AUBURN, Maine — Aaron Patton, a 38-year-old actor and hypnotist convicted of sexually assaulting a teenage girl, will spend six years in prison.
“Frankly, sir, at your age you should have known better,” Superior Court Justice Donald Marden said as he sentenced the Jay man. “I think you know you have done something wrong, but I am not sure you really understand just how much or how serious this is.”
Patton was sentenced to six years in prison for each of four counts of gross sexual assault. He also was sentenced to four years each on one count of unlawful sexual contact and two counts of sexual abuse of a minor. All but the initial six years were suspended.
When the prison term ends, Patton will face four years of probation.
The sentence ended more than 90 minutes of debate Monday that included tearful presentations from Patton and his family, as well as from the family of the victim, who is now 17.
“Her innocence, which was meant to be lost gradually over time, has been stripped from her,” her father told the judge. As he read from a prepared statement, he wiped away tears. “I wish I had counted the nights that I was up with her as she cried. I wish I could make the world feel what I felt as she trembled in my arms.”
At trial, the prosecution portrayed a man who had preyed on the girl since she was 12 years old.
She had began hypnotism treatments with him to help break a fingernail-biting habit, she testified during the January trial. She said Patton began touching her breasts and private parts. His advances escalated two years later when he took her into a bedroom and had sex with her in front of a mirror so they could watch, she testified.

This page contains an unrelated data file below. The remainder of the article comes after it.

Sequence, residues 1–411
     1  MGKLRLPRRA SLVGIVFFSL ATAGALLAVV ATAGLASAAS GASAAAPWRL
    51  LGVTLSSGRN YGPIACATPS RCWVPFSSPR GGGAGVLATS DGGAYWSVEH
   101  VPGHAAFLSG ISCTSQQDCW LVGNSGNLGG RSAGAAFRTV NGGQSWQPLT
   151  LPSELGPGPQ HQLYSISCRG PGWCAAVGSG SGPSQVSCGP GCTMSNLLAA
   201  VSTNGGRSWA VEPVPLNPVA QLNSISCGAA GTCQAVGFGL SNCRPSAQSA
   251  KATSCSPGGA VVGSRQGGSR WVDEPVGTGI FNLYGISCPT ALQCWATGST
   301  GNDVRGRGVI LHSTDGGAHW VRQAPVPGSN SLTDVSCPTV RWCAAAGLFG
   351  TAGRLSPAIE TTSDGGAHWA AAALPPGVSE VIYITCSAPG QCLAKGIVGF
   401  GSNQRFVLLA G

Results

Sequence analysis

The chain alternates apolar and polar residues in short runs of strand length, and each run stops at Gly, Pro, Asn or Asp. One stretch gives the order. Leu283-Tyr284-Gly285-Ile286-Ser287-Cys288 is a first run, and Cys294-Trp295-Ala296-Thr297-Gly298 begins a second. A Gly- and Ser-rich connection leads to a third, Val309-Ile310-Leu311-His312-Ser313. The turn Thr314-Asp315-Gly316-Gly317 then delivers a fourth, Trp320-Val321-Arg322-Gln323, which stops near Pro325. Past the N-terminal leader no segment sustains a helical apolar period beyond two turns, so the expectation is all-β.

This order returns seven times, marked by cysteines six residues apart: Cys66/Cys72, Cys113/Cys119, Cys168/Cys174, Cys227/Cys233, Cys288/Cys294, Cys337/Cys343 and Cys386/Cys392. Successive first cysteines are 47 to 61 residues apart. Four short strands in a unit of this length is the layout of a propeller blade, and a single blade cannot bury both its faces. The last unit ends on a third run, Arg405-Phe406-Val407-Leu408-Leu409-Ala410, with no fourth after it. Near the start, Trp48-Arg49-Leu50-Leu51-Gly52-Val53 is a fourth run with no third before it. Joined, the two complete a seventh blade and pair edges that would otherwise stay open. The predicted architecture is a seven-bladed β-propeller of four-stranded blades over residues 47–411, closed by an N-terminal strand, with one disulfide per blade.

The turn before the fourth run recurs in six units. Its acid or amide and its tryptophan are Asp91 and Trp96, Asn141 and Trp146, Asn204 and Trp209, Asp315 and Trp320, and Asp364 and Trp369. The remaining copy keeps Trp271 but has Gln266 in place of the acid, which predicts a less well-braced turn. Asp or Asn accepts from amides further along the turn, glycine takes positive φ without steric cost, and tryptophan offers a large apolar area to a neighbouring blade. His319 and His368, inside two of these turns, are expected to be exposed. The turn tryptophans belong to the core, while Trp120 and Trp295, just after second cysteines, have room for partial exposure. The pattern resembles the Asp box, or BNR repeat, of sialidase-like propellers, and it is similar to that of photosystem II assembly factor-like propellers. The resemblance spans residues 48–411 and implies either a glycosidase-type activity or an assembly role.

The two soon were having sex about once a week, including anal and oral sex, she said. After each sexual encounter, he would hypnotize her in an effort to make her feel more comfortable about their trysts, she said.
Throughout the trial and on Monday, Patton said he had sex with the girl, but that she was 16 at the time. Maine law defines 16 as the age of consent.
He apologized for the hurt he had caused and repeated his feelings for the girl.
“I loved her then,” he said. “I love her now, and I wish her the best.”
Patton’s attorney, Henry Griffin, argued against a long prison sentence, saying Patton is “an excellent candidate for probation.”
Marden sided with the jury, in particular its conviction that backed the girl’s claim of ongoing abuse that lasted years.
Assistant District Attorney Nicholas Worden asked for a sentence of eight years and four years of probation. He said he was satisfied with a sentence that was two years shorter.
He commended the victim for testifying “in spite of tremendous pressures.”
Throughout the sentencing, Patton listened stoically until his family addressed the court, first his sister, then his mother and a brother.
“We just want to have him home,” said his brother.
Marden said he hoped Patton could serve his time and move on.
“You have a lot of talent,” the judge said. “You have a lot of intellect. I believe you are a spiritual person. And I think you have a fine family. I think it is right to serve your debt to society and put it behind you.”
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